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Alzheimer's Drug Shows Positive Results in Mild Cases
Myriam
Posted: Tuesday, October 9, 2012 2:59 PM
Joined: 12/6/2011
Posts: 3326


From Alzheimer's Daily News:


Researchers announced that an experimental Alzheimer's therapy has shown it slows the progression of the disease in people with mild cases, bringing them a step closer to finding the first treatment and to understanding a cause of the complex disease.


Academic researchers discussed the results of large studies on solanezumab and bapineuzumab. The aim of both therapies is to remove beta amyloid from the brain. The sticky protein has long been thought to be a toxic substance that affects functioning of the brain - similar to how high cholesterol levels damage the heart.

 

The findings on solanezumab were presented by the Alzheimer's Disease Cooperative Study. The study supports amyloid as a target for future Alzheimer's research.

 

Until now, researchers have only been able to theorize about the mechanisms of the disease. Research is also being conducted on other possible causes, including inflammation and tau, tangles of proteins thought to disrupt communication among neurons' pathways.

 

Go to full story:
http://www.usatoday.com


Mimi S.
Posted: Tuesday, October 9, 2012 7:17 PM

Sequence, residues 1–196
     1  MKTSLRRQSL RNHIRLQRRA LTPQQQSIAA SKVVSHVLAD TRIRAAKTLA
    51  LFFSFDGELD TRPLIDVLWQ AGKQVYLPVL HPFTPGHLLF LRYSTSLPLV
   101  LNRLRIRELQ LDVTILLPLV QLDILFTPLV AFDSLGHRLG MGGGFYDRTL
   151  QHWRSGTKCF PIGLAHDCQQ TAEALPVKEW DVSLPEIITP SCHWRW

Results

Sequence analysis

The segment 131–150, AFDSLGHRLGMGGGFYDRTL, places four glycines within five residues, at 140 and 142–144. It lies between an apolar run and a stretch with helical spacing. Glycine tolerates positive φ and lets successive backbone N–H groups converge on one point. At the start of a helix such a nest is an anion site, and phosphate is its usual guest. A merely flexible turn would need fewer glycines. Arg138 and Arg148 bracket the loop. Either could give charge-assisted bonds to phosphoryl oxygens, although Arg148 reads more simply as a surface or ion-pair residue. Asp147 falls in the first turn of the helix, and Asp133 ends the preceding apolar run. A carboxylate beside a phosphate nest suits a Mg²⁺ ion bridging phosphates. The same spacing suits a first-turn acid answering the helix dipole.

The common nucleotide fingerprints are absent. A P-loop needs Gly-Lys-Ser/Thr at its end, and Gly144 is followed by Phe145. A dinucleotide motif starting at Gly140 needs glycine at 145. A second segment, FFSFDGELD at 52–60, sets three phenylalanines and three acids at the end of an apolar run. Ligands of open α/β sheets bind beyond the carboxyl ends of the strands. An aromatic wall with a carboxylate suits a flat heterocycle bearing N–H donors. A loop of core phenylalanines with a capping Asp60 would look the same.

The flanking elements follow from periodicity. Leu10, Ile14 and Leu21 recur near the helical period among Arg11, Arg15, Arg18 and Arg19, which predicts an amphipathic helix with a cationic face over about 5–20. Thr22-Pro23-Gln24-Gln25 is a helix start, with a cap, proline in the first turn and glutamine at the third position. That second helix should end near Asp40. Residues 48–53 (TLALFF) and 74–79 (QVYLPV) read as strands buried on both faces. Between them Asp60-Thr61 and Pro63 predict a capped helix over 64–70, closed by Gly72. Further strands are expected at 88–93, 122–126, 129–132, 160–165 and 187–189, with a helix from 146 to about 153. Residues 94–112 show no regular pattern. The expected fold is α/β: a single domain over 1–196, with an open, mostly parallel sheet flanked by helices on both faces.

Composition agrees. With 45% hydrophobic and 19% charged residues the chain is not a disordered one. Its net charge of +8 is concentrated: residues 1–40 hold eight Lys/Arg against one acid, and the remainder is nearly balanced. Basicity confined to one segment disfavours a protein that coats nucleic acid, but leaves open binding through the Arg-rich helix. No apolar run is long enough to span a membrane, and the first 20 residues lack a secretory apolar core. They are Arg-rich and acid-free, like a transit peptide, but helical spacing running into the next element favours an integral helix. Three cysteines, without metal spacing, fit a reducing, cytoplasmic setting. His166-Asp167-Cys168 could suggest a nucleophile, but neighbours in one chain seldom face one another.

Joined: 11/29/2011
Posts: 7029


This is a great report. 

My DIL wrote; "It's the 50% loss of critical brain cells already lost at onset of mild symptoms THAT"S REALLY SCARY!"


That's why we have to get into more common usage two tools we have: the spinal tap and the Pittsburg compound PET scan!!!


Lane Simonian
Posted: Tuesday, October 9, 2012 9:30 PM
Joined: 12/12/2011
Posts: 4845


The potentially good news is that the hippocampus where most neuron die as a result of Alzheimer's disease is one of the few parts of the brain that neurons can be regenerated through stem cells.  The problem in Alzheimer's disease is that the pathway that leads to the regeneration of neurons is cut off.  Or to put it another way, the problem is not so much that brain cells are dying (although obviously this is a problem) but that they are not being regenerated. 

 

http://neurosciencenews.com/nerve-cell-regeneration-hippocampus-memory-research/ 

 

Here's a good analysis of solanezumab from the Corante website. 

 

http://pipeline.corante.com/archives/2012/10/09/lillys_solanezumab_did_it_actually_work.php